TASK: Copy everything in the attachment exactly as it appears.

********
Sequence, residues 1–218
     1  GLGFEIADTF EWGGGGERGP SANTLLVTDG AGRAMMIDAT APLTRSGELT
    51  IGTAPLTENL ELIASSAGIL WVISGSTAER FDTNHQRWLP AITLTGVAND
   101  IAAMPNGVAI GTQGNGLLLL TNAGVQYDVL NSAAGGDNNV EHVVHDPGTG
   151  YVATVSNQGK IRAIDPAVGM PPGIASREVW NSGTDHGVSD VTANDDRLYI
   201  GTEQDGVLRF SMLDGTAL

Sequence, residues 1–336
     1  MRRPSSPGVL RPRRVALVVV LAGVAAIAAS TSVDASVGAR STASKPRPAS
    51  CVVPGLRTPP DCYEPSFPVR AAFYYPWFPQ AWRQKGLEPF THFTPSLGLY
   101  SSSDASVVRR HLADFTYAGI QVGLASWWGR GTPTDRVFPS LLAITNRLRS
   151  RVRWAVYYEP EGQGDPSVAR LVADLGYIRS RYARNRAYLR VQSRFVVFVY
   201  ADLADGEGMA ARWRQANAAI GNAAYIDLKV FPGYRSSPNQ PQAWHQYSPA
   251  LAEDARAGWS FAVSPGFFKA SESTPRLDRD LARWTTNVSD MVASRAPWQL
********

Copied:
Sequence, residues 1–218
     1  GLGFEIADTF EWGGGGERGP SANTLLVTDG AGRAMMIDAT APLTRSGELT
    51  IGTAPLTENL ELIASSAGIL WVISGSTAER FDTNHQRWLP AITLTGVAND
   101  IAAMPNGVAI GTQGNGLLLL TNAGVQYDVL NSAAGGDNNV EHVVHDPGTG
   151  YVATVSNQGK IRAIDPAVGM PPGIASREVW NSGTDHGVSD VTANDDRLYI
   201  GTEQDGVLRF SMLDGTAL

Sequence, residues 1–336
     1  MRRPSSPGVL RPRRVALVVV LAGVAAIAAS TSVDASVGAR STASKPRPAS
    51  CVVPGLRTPP DCYEPSFPVR AAFYYPWFPQ AWRQKGLEPF THFTPSLGLY
   101  SSSDASVVRR HLADFTYAGI QVGLASWWGR GTPTDRVFPS LLAITNRLRS
   151  RVRWAVYYEP EGQGDPSVAR LVADLGYIRS RYARNRAYLR VQSRFVVFVY
   201  ADLADGEGMA ARWRQANAAI GNAAYIDLKV FPGYRSSPNQ PQAWHQYSPA
   251  LAEDARAGWS FAVSPGFFKA SESTPRLDRD LARWTTNVSD MVASRAPWQL